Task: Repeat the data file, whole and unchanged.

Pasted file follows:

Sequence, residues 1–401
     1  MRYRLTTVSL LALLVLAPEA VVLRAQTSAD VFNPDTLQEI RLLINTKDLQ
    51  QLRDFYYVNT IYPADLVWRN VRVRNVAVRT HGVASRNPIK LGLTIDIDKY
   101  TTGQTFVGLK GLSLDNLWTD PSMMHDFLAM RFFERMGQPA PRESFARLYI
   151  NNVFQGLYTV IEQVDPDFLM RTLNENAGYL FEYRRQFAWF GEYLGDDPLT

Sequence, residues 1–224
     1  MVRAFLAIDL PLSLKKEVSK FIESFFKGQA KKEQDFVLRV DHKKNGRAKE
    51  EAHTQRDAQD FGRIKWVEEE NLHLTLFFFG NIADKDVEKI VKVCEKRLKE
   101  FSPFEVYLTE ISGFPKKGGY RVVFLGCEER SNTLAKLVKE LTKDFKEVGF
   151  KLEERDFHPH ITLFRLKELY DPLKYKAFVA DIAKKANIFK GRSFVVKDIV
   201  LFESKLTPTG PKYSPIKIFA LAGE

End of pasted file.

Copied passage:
Sequence, residues 1–401
     1  MRYRLTTVSL LALLVLAPEA VVLRAQTSAD VFNPDTLQEI RLLINTKDLQ
    51  QLRDFYYVNT IYPADLVWRN VRVRNVAVRT HGVASRNPIK LGLTIDIDKY
   101  TTGQTFVGLK GLSLDNLWTD PSMMHDFLAM RFFERMGQPA PRESFARLYI
   151  NNVFQGLYTV IEQVDPDFLM RTLNENAGYL FEYRRQFAWF GEYLGDDPLT

Sequence, residues 1–224
     1  MVRAFLAIDL PLSLKKEVSK FIESFFKGQA KKEQDFVLRV DHKKNGRAKE
    51  EAHTQRDAQD FGRIKWVEEE NLHLTLFFFG NIADKDVEKI VKVCEKRLKE
   101  FSPFEVYLTE ISGFPKKGGY RVVFLGCEER SNTLAKLVKE LTKDFKEVGF
   151  KLEERDFHPH ITLFRLKELY DPLKYKAFVA DIAKKANIFK GRSFVVKDIV
   201  LFESKLTPTG PKYSPIKIFA LAGE